NJ to Delay 2021 State Budget Three Months Due to Coronavirus
TRENTON — State leaders have decided to delay adoption of New Jersey’s 2021 state budget by three months, allowing time to assess the economy and state finances after the worst of the coronavirus pandemic subsides.
State law will have to be changed to allow the 2020 state budget to cover 15 months, rather than 12, and expire on Sept. 30. Lawmakers will also have to work with Gov. Phil Murphy on a supplemental appropriation to keep state government operating in July, August and September.
“We are taking this unprecedented step for a couple of reasons. The first is the necessity to have all hands on deck to see us through this emergency,” Murphy said. “We simply do not have the luxury of time. We must all be focused on the need to see our state and our people through this emergency and to ensure that our immediate needs are met.”
“The second broad reason is more pragmatic. We must enact a fiscally responsible budget. There is simply too much economic and fiscal uncertainty at this time,” he said. “We will need a little time to emerge from this emergency and take full stock of the pace of our economic recovery so we can make smart decisions and enact a well-informed budget.”
Murphy and legislative leaders came to the consensus Tuesday.
“These are certainly unprecedented times, and they require unprecedented action and cooperation,” Murphy said “But that action will ensure a more fiscally prudent state budget.”
The change was announced in conjunction with extending New Jersey’s tax filing deadline by three months, from April 15 to July 15.
The federal government had extended its deadline to mid-July, and for the sake of simplicity state officials wanted to do the same. However, that would have pushed the tax collections at the deadline – which are based on 2019 income and unaffected by the stay-at-home economic shutdown – into a different state fiscal year.
The Legislature had passed a bill that would have moved the deadline to June 30, the scheduled final day of the fiscal year, but Murphy had not acted on it while a decision was being reached.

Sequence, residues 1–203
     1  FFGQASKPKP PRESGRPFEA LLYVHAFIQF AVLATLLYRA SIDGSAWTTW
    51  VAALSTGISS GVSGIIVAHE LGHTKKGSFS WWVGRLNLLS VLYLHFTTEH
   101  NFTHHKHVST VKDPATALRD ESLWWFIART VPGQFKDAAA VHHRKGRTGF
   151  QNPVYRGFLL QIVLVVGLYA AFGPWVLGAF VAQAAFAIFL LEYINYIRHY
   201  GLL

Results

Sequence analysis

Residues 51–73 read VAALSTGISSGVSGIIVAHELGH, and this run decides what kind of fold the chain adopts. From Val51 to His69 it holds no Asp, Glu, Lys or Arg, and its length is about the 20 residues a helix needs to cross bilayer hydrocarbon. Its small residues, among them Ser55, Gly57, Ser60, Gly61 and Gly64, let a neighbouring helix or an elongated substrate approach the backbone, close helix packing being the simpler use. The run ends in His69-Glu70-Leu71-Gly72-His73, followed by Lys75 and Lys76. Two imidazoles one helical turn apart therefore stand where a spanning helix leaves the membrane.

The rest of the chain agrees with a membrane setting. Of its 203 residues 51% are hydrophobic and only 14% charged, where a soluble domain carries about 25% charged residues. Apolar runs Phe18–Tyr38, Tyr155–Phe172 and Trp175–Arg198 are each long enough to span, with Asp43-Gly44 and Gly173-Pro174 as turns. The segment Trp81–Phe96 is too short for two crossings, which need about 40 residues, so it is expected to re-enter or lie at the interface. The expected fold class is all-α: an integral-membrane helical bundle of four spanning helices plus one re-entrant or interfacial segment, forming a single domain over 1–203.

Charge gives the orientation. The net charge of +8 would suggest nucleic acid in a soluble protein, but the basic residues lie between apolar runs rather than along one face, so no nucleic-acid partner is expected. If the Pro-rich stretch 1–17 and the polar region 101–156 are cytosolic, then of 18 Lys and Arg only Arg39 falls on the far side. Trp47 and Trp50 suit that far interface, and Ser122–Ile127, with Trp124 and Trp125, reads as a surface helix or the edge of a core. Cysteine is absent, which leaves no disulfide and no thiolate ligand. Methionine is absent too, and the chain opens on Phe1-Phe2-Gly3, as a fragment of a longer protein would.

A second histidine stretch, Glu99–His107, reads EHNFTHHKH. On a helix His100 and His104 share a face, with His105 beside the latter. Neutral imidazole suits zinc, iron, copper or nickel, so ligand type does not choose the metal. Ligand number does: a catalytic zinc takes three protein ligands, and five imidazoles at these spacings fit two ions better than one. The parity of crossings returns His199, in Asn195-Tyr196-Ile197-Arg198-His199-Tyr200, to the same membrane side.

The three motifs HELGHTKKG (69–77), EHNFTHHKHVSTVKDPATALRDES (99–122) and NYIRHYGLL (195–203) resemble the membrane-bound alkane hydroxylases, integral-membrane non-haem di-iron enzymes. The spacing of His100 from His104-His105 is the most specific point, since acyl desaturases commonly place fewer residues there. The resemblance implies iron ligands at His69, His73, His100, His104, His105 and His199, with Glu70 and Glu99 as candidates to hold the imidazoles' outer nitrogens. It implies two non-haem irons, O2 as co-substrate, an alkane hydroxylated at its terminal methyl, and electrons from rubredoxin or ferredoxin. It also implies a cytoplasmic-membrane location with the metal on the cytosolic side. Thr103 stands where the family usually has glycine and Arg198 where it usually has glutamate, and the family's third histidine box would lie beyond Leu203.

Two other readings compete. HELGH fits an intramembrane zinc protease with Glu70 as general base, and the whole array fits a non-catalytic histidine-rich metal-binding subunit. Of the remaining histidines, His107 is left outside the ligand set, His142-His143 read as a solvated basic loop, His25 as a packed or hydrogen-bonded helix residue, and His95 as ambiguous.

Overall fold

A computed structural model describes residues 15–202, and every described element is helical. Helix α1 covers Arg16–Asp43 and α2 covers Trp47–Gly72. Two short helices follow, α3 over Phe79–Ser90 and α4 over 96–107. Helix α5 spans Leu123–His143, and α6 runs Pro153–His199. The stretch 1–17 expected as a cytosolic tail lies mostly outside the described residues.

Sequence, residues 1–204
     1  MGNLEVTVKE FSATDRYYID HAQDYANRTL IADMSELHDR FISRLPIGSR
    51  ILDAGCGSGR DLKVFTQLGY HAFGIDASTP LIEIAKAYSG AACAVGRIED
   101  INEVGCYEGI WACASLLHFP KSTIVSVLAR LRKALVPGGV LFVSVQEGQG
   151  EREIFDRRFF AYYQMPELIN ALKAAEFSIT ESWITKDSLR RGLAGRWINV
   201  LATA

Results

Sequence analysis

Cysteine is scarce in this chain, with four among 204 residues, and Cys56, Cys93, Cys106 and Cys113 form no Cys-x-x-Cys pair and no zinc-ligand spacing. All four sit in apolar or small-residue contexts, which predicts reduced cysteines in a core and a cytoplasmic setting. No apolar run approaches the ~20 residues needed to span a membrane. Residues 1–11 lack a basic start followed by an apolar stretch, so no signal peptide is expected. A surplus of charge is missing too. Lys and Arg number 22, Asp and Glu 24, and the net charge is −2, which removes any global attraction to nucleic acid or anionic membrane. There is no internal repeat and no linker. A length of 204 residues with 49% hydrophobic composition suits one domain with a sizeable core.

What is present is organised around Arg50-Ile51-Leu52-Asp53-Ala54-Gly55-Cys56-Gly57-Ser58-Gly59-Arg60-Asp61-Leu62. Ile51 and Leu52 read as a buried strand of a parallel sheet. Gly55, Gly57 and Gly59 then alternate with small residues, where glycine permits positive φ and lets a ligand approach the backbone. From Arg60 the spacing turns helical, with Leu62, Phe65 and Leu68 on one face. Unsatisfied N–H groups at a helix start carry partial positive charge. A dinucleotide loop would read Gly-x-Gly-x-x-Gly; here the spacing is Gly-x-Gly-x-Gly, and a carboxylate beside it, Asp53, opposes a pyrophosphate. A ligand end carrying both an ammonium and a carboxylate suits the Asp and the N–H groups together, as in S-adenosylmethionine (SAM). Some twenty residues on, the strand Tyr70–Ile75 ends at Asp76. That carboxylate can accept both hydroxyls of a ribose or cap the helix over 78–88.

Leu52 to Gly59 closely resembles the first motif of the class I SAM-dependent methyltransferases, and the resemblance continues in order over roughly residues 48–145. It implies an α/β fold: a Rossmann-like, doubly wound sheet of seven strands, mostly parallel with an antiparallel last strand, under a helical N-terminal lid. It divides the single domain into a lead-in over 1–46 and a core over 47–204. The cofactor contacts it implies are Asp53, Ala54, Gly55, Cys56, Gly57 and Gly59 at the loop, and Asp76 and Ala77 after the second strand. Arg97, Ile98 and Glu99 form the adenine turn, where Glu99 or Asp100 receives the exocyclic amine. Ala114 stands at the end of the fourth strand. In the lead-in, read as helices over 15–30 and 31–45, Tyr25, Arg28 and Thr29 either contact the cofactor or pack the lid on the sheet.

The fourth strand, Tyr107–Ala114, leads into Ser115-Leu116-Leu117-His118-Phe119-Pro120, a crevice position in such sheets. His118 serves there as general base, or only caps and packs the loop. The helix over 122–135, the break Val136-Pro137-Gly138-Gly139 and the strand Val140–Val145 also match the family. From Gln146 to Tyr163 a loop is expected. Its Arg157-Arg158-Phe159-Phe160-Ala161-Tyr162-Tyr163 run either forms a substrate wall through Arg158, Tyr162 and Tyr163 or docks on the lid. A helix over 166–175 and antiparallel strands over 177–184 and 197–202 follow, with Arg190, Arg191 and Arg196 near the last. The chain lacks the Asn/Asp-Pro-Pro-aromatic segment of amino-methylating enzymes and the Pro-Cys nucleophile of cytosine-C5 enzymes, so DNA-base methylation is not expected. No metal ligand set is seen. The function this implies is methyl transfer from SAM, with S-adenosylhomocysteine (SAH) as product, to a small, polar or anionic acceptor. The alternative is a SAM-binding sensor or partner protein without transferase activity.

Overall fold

Murphy said that with the tax filing deadline being moved into July, it wouldn’t have made sense to attempt to even adopt a “shell budget” by the end of June that could them be supplemented as the 2021 fiscal year went along.
Last April, the state treasury collected $3.6 billion of income taxes in April, which include regular withholdings and year-end payments.
“We can’t responsibly put even a stopgap budget together without knowing what that number is,” Murphy said.
Murphy said it’s too soon to say what changes will be made to his original $40.9 billion plan and that he hasn’t thought about whether he will deliver another budget address to the Legislature.
“To make an obvious point, the world has changed dramatically since the budget address I gave, and so we’re going to have to account for that. There’s no other way around that,” he said. “But how exactly we account for that, too early to tell.”
The state constitution provides the needed leeway to make the extended fiscal year legal, said Matt Platkin, chief counsel to Murphy.
“The constitution says you have to have an annual appropriations act for the fiscal year, but it accounts for changes in that fiscal year,” Platkin said. “The fiscal year is set in statute, so what we’ll need to do is pass a new, the Legislature will have to pass a bill … that changes the fiscal year to end on Sept. 30.”
Specifically, that section of the constitution says: “All moneys for the support of the state government and for all other state purposes as far as can be ascertained or reasonably foreseen, shall be provided for in one general appropriation law covering one and the same fiscal year; except that when a change in the fiscal year is made, necessary provision may be made to effect the transition.”